Thursday, April 7, 2011

Come Drink With Me - A Review of the King Hu Classic

Who To Know
Director..................King Hu
Pei-pei Cheng.........Golden Swallow
Hua Yueh...............Drunken Cat
Hung Lieh Chen......Jade Faced Tiger
Chih-Ching Yang....Abbot Diao Ching-tang

The Story Goes
An official is kidnapped by a gang of bandits so that they can exchange him for their leader, who has been arrested. The official's sister, Golden Swallow, arrives to free him, and ends up needing the help of a beggar/kung fu master. 

My Thoughts
I have been a fan of King Hu's films for a while now, and I've seen quite a bit of his work. I even bought a multi-regional DVD player so that I could buy the best versions of a couple of his movies that were not available in my region. As chance would have it Come Drink With Me was one of the last of his movies that I have seen. Perhaps this played a role in my somewhat-negative opinion since I had seen his other films, and heard so much about how great this film is before I had the chance to see it.

Pei Pei Cheng / Golden Swallow
First of all, I'll start off by saying that Come Drink With Me isn't a terrible movie. Personally, I just find it to be one of Hu's weaker films that I've seen. Of course I thought it was better than Painted Skin, again another film that still do I find very watchable, but I feel that Come Drink With Me it is somewhat overrated, at least in the States. I believe that this was King Hu's last film with Shaw Brothers, and you can actually see the "Shawness" in the film compared to his later efforts. I remember reading that Shaw Brothers were known to restrict creative control of the films that they produced, and it's possible that this may have affected the final cut of Come Drink With Me.

Another thing that I would like to note is that I have only had the opportunity to see the Dragon Dynasty version of the film. If you know anything about the Weinsteins and Dragon Dynasty, then you are probably familiar with their strange desire to recut, and include alternative soundtracks to the movies that they release. The version that I saw only had the English dubtitles available at the time. I'm sure that if you purchase the DVD that you can probably choose some version of spoken Chinese and English subtitles. It just wasn't available to me at the time, however.

Anyways, I'm sure that the questionable dubbing may have influenced my opinion negatively, but I believe that if I would've seen it in the original audio that I still would've found this to be a lesser film than A Touch of Zen, Dragon Gate Inn, Valiant Ones, The Fate of Lee Kahn, or the Two Mountain films.

The Characters were interesting enough, but I didn't sense that tension that I usually get between the opposing characters in Hu's films. I won't say that they are generic characters, and that are running through the motions. That is actually far from true, but they definitely didn't have the playful cat-and-mouse relationship that we see in many of his films, in my opinion at least. In fact, I found both Golden Swallow and Drunken Cat to both be great heroes, and Cheng and Yueh were good in their respective roles.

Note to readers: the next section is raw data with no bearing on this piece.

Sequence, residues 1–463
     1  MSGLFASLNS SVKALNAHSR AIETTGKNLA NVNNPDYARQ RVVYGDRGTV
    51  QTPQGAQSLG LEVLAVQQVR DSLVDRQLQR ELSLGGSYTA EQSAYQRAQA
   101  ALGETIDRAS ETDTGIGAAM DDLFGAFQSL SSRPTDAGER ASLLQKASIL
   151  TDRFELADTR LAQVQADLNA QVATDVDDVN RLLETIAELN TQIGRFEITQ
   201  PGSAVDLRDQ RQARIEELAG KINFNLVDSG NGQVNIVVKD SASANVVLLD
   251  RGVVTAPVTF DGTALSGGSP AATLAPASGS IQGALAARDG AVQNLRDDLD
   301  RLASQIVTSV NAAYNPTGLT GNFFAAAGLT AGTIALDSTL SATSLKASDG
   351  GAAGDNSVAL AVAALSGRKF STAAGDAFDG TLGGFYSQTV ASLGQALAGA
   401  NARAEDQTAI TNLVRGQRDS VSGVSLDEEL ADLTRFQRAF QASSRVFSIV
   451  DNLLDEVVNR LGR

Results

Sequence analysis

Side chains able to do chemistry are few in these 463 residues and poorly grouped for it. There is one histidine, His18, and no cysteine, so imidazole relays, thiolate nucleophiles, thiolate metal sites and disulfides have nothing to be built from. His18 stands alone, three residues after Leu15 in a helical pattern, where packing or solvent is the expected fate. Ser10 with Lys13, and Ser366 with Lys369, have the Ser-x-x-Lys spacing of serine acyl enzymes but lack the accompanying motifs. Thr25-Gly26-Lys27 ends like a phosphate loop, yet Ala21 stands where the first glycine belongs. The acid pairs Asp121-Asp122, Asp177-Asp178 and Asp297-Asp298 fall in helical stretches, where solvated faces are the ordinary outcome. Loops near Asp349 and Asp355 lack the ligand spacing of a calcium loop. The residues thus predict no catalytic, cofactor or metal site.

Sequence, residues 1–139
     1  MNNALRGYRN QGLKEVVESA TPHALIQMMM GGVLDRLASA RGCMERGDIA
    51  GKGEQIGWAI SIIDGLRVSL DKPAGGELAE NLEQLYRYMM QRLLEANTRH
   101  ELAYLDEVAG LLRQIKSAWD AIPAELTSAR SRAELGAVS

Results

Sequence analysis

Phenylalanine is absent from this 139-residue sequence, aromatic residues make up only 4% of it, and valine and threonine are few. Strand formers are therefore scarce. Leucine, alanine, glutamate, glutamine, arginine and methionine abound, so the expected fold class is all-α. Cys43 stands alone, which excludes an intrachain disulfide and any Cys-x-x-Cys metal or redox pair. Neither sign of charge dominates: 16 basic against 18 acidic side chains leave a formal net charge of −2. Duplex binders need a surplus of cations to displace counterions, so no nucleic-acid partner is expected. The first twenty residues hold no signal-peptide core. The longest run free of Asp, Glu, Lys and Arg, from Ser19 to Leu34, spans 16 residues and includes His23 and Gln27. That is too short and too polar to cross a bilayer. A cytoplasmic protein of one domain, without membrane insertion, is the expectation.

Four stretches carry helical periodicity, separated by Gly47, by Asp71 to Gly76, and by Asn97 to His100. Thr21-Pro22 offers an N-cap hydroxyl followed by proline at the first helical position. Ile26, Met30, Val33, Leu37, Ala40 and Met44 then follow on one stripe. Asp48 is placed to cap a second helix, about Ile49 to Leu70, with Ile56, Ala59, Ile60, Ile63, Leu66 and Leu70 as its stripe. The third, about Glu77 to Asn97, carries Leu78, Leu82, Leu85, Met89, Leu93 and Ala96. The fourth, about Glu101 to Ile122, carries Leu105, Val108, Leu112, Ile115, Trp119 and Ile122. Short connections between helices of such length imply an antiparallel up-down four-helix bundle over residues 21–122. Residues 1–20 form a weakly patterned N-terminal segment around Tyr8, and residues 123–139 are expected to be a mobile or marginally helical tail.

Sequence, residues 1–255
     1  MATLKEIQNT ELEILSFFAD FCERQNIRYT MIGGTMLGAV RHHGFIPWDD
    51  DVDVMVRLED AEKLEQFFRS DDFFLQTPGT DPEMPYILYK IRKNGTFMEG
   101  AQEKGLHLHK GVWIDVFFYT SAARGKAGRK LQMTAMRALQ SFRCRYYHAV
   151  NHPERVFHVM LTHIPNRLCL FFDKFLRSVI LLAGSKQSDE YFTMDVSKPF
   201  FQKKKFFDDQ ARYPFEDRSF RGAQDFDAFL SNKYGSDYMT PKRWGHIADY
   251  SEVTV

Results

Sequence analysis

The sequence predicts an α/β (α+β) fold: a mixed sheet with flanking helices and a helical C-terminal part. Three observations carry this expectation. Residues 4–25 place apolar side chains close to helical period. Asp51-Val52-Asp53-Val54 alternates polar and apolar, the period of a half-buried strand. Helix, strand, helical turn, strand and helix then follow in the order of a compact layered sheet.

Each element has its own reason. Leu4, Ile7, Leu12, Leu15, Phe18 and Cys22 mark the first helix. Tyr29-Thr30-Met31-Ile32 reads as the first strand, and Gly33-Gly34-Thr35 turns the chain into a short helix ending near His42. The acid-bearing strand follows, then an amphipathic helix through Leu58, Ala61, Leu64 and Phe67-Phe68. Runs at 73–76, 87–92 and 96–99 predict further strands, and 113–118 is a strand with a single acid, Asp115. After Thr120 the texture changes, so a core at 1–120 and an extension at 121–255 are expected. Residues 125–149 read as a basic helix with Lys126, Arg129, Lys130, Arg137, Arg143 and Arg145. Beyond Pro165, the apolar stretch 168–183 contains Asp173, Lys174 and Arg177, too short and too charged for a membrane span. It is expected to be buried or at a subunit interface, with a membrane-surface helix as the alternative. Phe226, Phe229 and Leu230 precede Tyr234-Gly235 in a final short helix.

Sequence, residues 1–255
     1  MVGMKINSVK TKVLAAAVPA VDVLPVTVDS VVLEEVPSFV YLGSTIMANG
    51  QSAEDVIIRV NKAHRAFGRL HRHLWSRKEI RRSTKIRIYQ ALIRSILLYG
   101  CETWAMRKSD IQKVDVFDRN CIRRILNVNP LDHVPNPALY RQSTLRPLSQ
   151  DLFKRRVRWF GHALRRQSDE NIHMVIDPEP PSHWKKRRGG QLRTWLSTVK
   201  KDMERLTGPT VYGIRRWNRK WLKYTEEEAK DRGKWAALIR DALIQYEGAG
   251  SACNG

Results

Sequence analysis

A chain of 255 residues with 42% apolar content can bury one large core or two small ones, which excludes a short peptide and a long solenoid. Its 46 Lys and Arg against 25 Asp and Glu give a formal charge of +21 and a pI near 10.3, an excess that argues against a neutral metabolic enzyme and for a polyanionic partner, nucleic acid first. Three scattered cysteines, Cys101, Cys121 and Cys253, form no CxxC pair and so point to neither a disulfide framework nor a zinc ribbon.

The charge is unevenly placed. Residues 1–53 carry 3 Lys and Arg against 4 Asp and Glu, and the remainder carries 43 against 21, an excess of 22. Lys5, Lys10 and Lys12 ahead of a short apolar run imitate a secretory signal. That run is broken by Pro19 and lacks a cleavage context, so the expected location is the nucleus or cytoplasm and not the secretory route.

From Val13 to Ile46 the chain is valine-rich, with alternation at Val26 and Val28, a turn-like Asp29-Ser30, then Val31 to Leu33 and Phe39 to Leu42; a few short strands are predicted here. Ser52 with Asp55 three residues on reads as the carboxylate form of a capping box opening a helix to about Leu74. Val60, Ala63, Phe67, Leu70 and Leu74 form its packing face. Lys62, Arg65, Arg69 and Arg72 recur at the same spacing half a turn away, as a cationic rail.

Likewise, the villains were all pretty good, and I especially thought Jade Face Tiger was interesting. The first villain that Golden Swallow encounters is Smiling Tiger, who for some reason always reminds me of an Asian Jack Palance. It must be the fake/sex-assaulter grin that he keeps during his entire time on screen.

As with all of King Hu's films, I did enjoy the sets that were used in Come Drink With Me, and they did keep a somewhat magical feel to the film. It goes without saying that the man had a knack for visuals, and I found this film to be visually satisfying.

Hua Yueh / Drunken Cat
Finally, the fight scenes were adequate, though I wouldn't say that they are as good as those of other Hu films, such as The Valiant Ones. Compared to many of the kinetic, and often disorienting, fight scenes that we are subjected to in contemporary films, I very much prefer the fight scenes in Come Drink With Me. Not that Hu doesn't make use of fast editing, but I don't find it nearly as annoying as many of todays action films. If you do enjoy those types of action scenes, then it may be possible that you find those in Come Drink With Me somewhat slow. All I can say is to just relax and enjoy the film.

In Conclusion 
Would I recommend Come Drink With Me? Sure. I would especially suggest it to somebody that is not familiar with King Hu's work, but may be interested in seeing some of his films, if for no other reason than it is very easy to get a copy of, and it is very accessible to newcomers. I think that those who may not be familiar with wuxia could find this to enjoyable enough because it's not quite as far out as other films of the same genre, such as The Lezend of Zu.

As I mentioned earlier, I feel that this is one of Hu's weaker films, and for those interested in seeing him in his prime, then I would probably consider A Touch of Zen to be his best film. It takes a much deeper approach to the genre, and the story is much more engaging. To put it in perspective, I would say A Touch of Zen is King Hu's 2001: A Space Odyssey.



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